Promises Hawaiian Electric Co. and Castle & Cooke have made to Lanai in exchange for being allowed to build a wind farm on the island are a starting point for discussions on the wind farm, the vice chairman of the state senate committee on energy and the environment said Tuesday.
Sen. Kalani English spoke at committee hearing at the state Capitol on the status of proposals to build large wind farms on Lanai and Molokai and deliver the power to Oahu and Maui by undersea cable.
He said the Lanai community would ask for additional benefits and the companies will have to find a way to make some of them possible if a wind farm is going to be built on the island.
“We’re all in this together. Oahu really has to understand that Lanai and Molokai is giving up a lot,” English said.
Hawaiian Electric, a subsidiary of Hawaiian Electric Industries Inc., is pushing to create alternative sources of energy to comply with a 2009 state law requiring the state’s electric utilities to get 40 percent of their power from renewable resources by 2030.
Hawaiian Electric, which provides power to all the state’s counties except Kauai, currently only gets about 10 percent of its energy from renewable resources.
Castle & Cooke, which owns 98 percent of Lanai, is proposing to build the Lanai wind farm. First Wind, which has built wind farms across on Maui and across the country, wants to build a large farm on Molokai.
Hawaiian Electric and Castle & Cooke last week announced a list of ways Lanai would benefit if the wind farm were built.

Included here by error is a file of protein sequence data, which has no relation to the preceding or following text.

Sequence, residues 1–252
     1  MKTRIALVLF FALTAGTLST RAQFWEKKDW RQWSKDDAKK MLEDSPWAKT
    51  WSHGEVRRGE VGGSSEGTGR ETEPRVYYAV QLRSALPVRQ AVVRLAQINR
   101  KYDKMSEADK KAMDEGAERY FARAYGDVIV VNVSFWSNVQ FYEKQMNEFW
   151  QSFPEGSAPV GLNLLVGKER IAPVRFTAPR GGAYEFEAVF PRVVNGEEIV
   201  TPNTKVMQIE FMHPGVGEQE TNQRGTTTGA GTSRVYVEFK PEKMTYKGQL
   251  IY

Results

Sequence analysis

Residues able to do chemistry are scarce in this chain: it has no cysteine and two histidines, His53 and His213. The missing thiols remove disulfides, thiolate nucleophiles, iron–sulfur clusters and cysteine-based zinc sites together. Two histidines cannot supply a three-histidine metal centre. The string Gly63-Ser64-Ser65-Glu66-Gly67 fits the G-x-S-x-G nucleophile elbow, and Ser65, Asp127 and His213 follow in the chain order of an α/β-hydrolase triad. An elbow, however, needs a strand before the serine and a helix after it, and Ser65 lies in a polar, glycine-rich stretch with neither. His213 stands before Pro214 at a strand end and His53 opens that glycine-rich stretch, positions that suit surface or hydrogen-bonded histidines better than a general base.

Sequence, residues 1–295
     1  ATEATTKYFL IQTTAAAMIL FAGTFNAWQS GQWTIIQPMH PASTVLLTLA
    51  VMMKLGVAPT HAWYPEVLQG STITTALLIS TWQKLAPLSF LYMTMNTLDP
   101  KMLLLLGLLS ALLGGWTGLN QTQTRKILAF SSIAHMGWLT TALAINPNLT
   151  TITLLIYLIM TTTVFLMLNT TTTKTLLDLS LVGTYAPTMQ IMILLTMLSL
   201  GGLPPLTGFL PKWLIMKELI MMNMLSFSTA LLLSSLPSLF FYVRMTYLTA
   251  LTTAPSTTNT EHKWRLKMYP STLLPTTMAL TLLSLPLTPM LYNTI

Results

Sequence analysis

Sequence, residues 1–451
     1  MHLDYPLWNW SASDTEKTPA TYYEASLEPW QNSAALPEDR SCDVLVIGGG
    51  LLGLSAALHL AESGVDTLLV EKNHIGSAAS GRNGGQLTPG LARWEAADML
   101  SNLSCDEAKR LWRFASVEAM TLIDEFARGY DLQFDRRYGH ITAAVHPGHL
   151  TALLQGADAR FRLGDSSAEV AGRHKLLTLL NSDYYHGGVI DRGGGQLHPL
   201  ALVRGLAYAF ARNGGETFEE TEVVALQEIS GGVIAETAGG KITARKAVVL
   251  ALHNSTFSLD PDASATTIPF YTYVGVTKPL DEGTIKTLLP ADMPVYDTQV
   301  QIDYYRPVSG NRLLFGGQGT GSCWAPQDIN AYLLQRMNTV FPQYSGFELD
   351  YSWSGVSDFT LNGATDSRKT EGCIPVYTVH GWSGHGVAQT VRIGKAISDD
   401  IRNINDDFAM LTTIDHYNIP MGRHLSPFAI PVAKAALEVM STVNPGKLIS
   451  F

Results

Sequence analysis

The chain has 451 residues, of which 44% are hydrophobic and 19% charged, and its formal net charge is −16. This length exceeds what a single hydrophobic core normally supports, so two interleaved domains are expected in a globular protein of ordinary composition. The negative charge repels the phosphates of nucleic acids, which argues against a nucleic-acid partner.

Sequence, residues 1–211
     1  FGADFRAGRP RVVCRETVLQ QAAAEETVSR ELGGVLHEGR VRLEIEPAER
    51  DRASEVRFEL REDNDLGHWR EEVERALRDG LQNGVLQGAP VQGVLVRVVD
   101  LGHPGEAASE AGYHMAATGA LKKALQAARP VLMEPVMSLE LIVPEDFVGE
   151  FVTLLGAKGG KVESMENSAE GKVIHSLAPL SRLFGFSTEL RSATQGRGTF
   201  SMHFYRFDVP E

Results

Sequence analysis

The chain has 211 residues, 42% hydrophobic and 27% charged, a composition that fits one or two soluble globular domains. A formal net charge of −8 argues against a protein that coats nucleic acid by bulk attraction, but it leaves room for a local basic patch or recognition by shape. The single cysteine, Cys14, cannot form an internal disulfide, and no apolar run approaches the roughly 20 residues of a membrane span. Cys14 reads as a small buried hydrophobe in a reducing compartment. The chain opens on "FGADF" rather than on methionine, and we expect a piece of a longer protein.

Castle & Cooke promised to set aside 1 percent of all wind farm revenues for a fund controlled by the community for whatever purpose Lanai residents see fit. The company also promises to continue to allow residents to access to hunting and fishing spots.
Hawaiian Electric said Lanai electricity rates would be slashed by about 40 percent to match those on Oahu.
“We’re committed to making sure there are benefits for the community,” Harry Saunders, president of Castle & Cooke Hawaii, said at the hearing.
The senator noted Lanai and Molokai are routinely neglected and lawmakers have to fight for every scrap of funds they’re able to get for them.
“Then when we come and ‘we say we need you to save the rest of the industrialized islands,’ you don’t blame them for saying ‘we need these things’,” English said.
Sen. Roz Baker, D-Honokohau-Makena, said the list of community benefits the companies put out failed to say how they might lessen the impact of the wind mills.
Baker said she’d like to hear whether the companies could manage with fewer windmills.
“I could make a case that even if this is state policy, that it’s too awful what would be done to Lanai. It’s too much to ask them. And that’s what some of our constituents are saying,” Baker said.
Government agencies next month plan to hold meetings on Oahu, Maui, Molokai and Lanai for an environmental impact statement on the wind power and inter-island cable proposals.
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